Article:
Stainless Steel Screws at Lidl's - Router Forums
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post #1 of 3 (permalink) Old 05-23-2019, 10:37 AM Thread Starter
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Join Date: Oct 2012
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First Name: Colin
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Default Stainless Steel Screws at Lidl's

Hi There Fraternity.

Out of action just now. Got my cast off and now have an extra three fingers at my disposal.

Was bored out of my tiny mind so volunteered to go on an expedition with my good wife to Lidlís.

Now unfortunately this may be only for the UK contingent, but at Christmas I was in a newly opened Lidlís in Houston and they were selling the identical items but everything was in inches and feet and I got confused and had to leave the shop.

The reason I am posting this is that stainless steel screws are usually quite expensive and really handy for outdoor projects and here this week they are selling them for £2.99p per box. There are three ranges and as you can see, I purchased two of each. And as a true Scotsman to good to miss, so thought I must share with members.

While there I also purchased an auto weldersí helmet for £22.99p as my old one was on its way out. Tried it and works a treat for what I require as an occasional tool. It comes with a set of rechargeable batteries which are solar charged.

And finally a set of wire brushes for £3.99p

So thatís it lads, grab your wives and give them a treat at Lidlís

Colin
Scotland
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post #2 of 3 (permalink) Old 05-23-2019, 11:56 AM
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I used stainless metal screws to affix tie-down loops on the sides of my truck bed. Put strips of rubber under the tie-down loops to prevent the steel rusting over time. The screws are bright as ever after 10 years. However, the airfare will probably offset the savings on the bargain screws. Been awhile since I last crossed the pond.

The more I do, the less I accomplish.
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post #3 of 3 (permalink) Old 05-23-2019, 12:12 PM
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good finds..
check the screws to see if they are magnetic...
if they are they are they're not suitable for outdoor use or acidic woods like oak, cedar, hemlock....
200 series SS generally is magnetic.. often imported SS screws are 200 series SS...

Ferritic stainless is magnetic....

Stainless steels are a very broad group of metals. The name was adopted as a generic term for steel alloys with a minimum of 10.5% chromium. The chromium gives the steel its 'stainless' properties - essentially corrosion resistance. On the surface of the metal, a very thin chromium-rich oxide layer is formed which is inert - i.e. it prevents the steel from rusting. The advantage of stainless steels over plated steels is that, if scratched or damaged, the steel will 'self-repair' as a new oxide layer is formed. In plated steels, scratches in the plate will often lead to corrosion of the steel underneath.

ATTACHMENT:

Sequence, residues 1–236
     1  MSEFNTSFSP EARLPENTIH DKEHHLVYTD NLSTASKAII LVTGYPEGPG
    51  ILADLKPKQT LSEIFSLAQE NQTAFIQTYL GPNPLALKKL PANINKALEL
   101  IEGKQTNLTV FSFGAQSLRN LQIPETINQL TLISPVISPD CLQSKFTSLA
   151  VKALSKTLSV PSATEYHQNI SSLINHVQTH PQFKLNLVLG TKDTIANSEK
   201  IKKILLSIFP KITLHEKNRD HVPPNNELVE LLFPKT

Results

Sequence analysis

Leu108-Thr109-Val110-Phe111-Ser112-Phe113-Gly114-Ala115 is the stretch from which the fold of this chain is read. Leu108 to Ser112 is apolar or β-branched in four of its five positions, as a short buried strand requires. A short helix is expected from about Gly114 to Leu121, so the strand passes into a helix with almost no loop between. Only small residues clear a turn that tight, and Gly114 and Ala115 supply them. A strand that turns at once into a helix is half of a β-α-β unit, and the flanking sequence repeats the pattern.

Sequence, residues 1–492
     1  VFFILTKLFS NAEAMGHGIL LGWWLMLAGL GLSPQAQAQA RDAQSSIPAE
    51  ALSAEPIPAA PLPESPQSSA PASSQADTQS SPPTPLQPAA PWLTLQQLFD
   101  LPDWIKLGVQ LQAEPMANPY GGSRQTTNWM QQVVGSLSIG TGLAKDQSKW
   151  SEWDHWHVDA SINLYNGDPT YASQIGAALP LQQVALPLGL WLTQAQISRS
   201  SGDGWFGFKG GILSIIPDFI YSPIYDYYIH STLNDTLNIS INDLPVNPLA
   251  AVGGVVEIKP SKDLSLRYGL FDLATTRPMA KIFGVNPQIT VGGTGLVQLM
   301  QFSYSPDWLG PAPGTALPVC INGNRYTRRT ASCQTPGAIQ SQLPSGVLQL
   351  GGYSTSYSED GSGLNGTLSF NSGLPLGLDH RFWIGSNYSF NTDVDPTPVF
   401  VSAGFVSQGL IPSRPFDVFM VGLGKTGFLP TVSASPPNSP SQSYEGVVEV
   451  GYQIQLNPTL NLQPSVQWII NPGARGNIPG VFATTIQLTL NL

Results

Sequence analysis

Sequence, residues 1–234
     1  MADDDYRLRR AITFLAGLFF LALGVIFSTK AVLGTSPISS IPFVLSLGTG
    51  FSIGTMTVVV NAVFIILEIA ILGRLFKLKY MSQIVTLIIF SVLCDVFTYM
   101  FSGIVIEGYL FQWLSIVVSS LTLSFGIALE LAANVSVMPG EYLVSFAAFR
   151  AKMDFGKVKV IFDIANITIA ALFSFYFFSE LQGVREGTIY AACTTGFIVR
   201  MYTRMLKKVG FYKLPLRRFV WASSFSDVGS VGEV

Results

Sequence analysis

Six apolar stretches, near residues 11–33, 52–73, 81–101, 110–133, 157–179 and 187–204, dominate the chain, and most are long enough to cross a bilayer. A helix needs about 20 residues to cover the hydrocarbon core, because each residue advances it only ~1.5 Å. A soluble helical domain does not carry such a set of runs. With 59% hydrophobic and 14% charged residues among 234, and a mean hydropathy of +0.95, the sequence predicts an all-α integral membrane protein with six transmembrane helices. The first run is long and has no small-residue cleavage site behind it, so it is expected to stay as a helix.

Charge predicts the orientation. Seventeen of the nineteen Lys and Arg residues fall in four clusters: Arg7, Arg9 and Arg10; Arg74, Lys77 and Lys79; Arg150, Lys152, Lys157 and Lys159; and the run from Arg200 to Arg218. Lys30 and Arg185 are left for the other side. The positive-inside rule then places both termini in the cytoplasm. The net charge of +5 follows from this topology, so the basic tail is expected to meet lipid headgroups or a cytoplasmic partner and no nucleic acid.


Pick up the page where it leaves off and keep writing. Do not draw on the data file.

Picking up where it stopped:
In general, the higher the proportion of chromium, the stronger the corrosion resistance of the steel. In addition to chromium, other metals are added to give the steel particular properties such as strength and malleability. Specifically nickel is used to strengthen the oxide layer.

As for whether they are magnetic, the answer is that it depends. There are several families of stainless steels with different physical properties. A basic stainless steel has a 'ferritic' structure and is magnetic. These are formed from the addition of chromium and can be hardened through the addition of carbon (making them 'martensitic') and are often used in cutlery. However, the most common stainless steels are 'austenitic' - these have a higher chromium content and nickel is also added. It is the nickel which modifies the physical structure of the steel and makes it non-magnetic.

So the answer is yes, the magnetic properties of stainless steel are very dependent on the elements added into the alloy, and specifically the addition of nickel can change the structure from magnetic to non-magnetic.

Characteristics of the 200 Series of Stainless Steels

Although it's corrosion-resistant, the 200 series has a lesser ability than the 300 series to protect against pitting corrosion.

This occurs in environments that have high moisture and chlorine contents. The 200 series also have a lesser ability to protect against crevice corrosion, which results in stagnant liquid and high acid environments. The chromium content must also be reduced in order to decrease the nickel content, thereby lowering corrosion resistance.

This would have been the week that I'd have finished chewing thru the restraints...
If only new layers hadn't been added....

Stick....
Forget the primal scream, just ROAR!!!
"SNORK Mountain Congressional Library and TaxidermyĒ
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